South America Drive

Montevideo has colorful graffiti. Dogs love the green parks

November 17, 2012

“I’m happy Chris was not driving yesterday. The drivers are crazy. I grabbed the armrest a hundred times during the van ride to our apartment. Glad Chris could look around – the graffiti is amazing! It is literally everywhere. This would never be allowed in the US. Too bad – most is really good. Even makes the “rundown” places look better.”
We booked an apartment one block from a park – green grass for the dogs. Our dogs are leashed – no chasing birds, people or playing with other dogs. LOTS of strays. Glad park is close by – not far to walk after dark. Entire area is well lit.”

One of the first things we noticed was the colorful graffiti. There was graffiti EVERYWHERE! Apparently it is not discouraged in Uruguay.



graffiti bariloche 1

More graffiti

A few feet from our apartment complex was a wall dedicated to graffiti. Artists spent 4 days painting. It stayed up for an entire month, no one added any additional “”expressions.” The next month, another group repainted it. There are some genuinely talented artists in Uruguay. We spent hours walking our neighborhood looking at the graffiti on walls, bridges and buildings.





And more - it's everywhere!

And more – it’s everywhere!

One of the reasons we chose this apartment — aside from the fact they allowed dogs — was the location of a park one block away… green space to walk the dogs. Unfortunately, shortly after we arrived they closed the park for renovations. We ducked under the boards until they added enough of them to prevent even me from squeaking through. After that, we ran a bit farther to The Rambla, the boardwalk along the Rio de la Plata.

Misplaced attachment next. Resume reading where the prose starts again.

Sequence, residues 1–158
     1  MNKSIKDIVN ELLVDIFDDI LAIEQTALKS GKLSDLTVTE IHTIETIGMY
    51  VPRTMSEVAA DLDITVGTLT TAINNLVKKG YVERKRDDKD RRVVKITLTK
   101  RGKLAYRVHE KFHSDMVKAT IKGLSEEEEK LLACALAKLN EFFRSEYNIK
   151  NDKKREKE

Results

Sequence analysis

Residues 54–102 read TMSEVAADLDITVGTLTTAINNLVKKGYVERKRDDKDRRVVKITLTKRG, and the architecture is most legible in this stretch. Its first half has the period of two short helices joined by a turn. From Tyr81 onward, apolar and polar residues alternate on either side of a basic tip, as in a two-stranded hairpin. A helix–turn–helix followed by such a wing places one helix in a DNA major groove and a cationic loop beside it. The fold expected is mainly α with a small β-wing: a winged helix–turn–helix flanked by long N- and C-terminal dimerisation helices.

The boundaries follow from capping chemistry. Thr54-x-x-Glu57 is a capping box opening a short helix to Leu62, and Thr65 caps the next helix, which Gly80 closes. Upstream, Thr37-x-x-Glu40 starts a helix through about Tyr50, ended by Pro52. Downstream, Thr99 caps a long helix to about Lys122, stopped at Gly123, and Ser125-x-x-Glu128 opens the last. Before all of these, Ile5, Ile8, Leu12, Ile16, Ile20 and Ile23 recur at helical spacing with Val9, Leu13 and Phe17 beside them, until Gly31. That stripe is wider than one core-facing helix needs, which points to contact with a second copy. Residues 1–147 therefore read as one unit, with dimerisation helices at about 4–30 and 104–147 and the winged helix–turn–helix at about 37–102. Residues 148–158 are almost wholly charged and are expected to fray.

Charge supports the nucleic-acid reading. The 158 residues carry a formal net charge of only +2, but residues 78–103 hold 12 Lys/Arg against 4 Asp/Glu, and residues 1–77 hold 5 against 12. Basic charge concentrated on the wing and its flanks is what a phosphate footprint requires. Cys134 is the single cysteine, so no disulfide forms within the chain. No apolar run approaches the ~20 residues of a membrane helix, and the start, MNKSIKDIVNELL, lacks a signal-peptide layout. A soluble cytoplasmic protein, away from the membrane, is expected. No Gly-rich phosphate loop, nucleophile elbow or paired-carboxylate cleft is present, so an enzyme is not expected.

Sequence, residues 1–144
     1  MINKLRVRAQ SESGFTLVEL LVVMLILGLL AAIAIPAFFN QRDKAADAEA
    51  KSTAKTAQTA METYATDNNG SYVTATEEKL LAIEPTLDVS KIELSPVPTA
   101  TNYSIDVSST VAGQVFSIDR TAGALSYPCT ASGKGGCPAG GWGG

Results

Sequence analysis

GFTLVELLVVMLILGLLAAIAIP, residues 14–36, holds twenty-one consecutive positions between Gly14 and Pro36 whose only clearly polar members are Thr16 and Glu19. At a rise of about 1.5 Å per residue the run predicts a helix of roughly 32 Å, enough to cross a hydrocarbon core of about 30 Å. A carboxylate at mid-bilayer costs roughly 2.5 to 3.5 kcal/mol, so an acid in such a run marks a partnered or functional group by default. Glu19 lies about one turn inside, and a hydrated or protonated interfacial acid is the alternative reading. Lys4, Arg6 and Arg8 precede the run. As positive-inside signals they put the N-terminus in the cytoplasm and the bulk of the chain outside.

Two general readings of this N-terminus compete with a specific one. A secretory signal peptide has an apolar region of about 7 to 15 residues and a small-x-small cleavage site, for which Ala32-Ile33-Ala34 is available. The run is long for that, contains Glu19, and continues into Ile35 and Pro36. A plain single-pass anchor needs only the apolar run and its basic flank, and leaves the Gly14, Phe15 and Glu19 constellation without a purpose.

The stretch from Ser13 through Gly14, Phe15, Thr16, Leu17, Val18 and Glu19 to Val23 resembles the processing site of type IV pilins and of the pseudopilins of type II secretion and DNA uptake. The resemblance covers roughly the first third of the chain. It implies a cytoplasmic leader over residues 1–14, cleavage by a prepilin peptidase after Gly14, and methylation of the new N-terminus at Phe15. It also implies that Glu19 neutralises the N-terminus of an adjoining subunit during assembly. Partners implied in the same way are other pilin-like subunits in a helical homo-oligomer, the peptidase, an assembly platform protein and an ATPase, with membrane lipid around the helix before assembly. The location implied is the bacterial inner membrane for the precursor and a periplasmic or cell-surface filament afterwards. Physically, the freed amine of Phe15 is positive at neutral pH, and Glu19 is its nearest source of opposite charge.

The “green space” near our apartment that was soon closed

Beware – most people let their dogs poop on the sidewalk. Not OK for our dogs!

There are MANY stray dogs (throughout South America). Most were friendly. One dog walker carried a big stick and a can of pepper spray due to a “mal” dog. We never met this mean dog. We did keep our dogs away from the other dogs so they would not pick up anything undesirable.

The Rambla was safe during the day, but we were more cautious after dark. Expats were often concerned for our safety in Ciudad Vieja. If you take logical precautions, you should be safe: no dark streets at night, avoid areas known for trouble, do not wear expensive jewelry, do not carry an expensive camera in full view, carry your billfold in your front pocket or a zippered pocket, etc. Police stood every few blocks. We felt safe. Chris did carry a dummy billfold just in case. It contained an old driver’s license, closed account credit cards and a few bills of the local currency. We figured if we did get mugged, they would think they had what they wanted and leave. We have never had to find out. Crime in Uruguay is often not the violent kind. Pick pocketing is common, but brandishing a weapon is not.

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